The next frontier in e-scooter safety is using sensors and cameras to detect pedestrians. Spin is currently exploring this with smart city sensor startup Vivacity, which has created smart camera technology to understand interactions between cyclists and pedestrians with e-scooters, as well as with motor vehicles. 

There’s a lot of synergy between the sort of data you can pull off a scooter and the data that we have available from vehicles and thinking about how we can really optimise that to improve road safety and reduce accidents.

This is where Ford’s ownership may pay dividends. Its decades of experience in car safety means it has a wealth of data to pour over and apply to Spin. 

There’s a lot of “synergy” between Spin and Ford in this area, argues Lippe. This includes Ford’s Innovate UK programme called Road Safe, which sees it work with Transport for London, Loughborough University, Oxford County Council and Vivacity to look at how vehicle data can “enhance” e-scooter safety. Spin is looking at ways to pull this data and apply it to e-scooters.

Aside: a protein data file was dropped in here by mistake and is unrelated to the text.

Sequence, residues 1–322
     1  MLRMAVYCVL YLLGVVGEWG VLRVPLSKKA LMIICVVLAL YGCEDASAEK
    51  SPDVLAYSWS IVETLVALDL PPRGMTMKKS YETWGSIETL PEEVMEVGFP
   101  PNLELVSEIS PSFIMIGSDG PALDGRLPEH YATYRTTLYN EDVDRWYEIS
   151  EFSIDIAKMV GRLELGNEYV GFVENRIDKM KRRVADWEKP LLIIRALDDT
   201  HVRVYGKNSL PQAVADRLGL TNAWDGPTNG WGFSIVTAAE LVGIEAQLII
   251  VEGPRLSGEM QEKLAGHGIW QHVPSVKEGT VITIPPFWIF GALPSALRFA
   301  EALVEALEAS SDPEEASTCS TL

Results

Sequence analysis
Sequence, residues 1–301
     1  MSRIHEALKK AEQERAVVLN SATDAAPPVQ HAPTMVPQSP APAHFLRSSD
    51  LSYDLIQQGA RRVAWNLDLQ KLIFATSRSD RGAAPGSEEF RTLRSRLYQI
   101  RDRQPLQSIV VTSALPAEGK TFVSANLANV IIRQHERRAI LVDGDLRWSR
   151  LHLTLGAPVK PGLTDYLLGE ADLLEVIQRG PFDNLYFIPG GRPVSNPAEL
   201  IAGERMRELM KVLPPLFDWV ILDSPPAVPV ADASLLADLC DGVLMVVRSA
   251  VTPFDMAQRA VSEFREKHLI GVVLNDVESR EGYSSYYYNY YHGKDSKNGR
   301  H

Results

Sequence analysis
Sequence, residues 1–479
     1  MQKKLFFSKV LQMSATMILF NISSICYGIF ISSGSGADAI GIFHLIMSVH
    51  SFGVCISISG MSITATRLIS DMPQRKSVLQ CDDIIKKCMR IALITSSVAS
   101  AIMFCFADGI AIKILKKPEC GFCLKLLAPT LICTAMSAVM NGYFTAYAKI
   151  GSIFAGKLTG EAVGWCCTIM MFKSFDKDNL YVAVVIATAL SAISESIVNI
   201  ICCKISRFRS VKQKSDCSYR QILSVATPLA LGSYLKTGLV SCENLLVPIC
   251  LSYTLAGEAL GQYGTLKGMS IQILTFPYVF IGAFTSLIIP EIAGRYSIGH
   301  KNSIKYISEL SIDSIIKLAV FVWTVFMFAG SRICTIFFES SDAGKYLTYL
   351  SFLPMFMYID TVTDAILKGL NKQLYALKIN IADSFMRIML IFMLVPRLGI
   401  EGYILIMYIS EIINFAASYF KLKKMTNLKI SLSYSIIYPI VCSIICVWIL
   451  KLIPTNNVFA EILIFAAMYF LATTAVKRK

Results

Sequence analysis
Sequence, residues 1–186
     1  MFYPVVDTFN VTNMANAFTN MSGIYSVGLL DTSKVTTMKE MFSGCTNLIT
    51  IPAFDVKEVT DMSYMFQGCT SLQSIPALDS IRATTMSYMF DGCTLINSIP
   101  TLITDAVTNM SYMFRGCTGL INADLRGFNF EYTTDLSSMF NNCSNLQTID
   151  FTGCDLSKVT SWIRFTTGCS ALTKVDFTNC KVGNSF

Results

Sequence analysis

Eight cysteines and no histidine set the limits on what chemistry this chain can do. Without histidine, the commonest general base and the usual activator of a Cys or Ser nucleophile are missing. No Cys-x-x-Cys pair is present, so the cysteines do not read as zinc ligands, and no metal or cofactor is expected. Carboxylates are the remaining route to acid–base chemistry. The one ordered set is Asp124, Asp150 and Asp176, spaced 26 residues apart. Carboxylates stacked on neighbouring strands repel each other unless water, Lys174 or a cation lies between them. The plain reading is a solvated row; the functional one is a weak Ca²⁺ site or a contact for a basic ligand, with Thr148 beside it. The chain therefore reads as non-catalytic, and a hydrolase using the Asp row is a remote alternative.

“We obviously have a strong interest in vehicle data and how we can use it more intelligently,” says Lippe. “And so there’s a lot of synergy between the sort of data you can pull off a scooter and the data that we have available from vehicles and thinking about how we can really optimise that to improve road safety and reduce accidents.” 

Lippe hopes that gleaning these insights from the data can demonstrate to authorities and the general public that e-scooters are a safe mode of transport. 

“Anything we can do in that space is not only the right thing to do ethically it’s good business sense as well.” 

Business model

With rental e-scooters charging around $0.10 - $0.30 to use per minute, the margins for operators are wafer-thin. Factor in maintenance costs and marketing and it become a steeper challenge to recoup the cost of e-scooter hardware. 

As with other consumer-facing tech industries, such as ride-hailing apps, this effectively means VCs are subsidising cheap rides. 

“It’s all very well attracting venture capital backing but you ultimately need a sustainable business model that works for the long term,” says Lippe.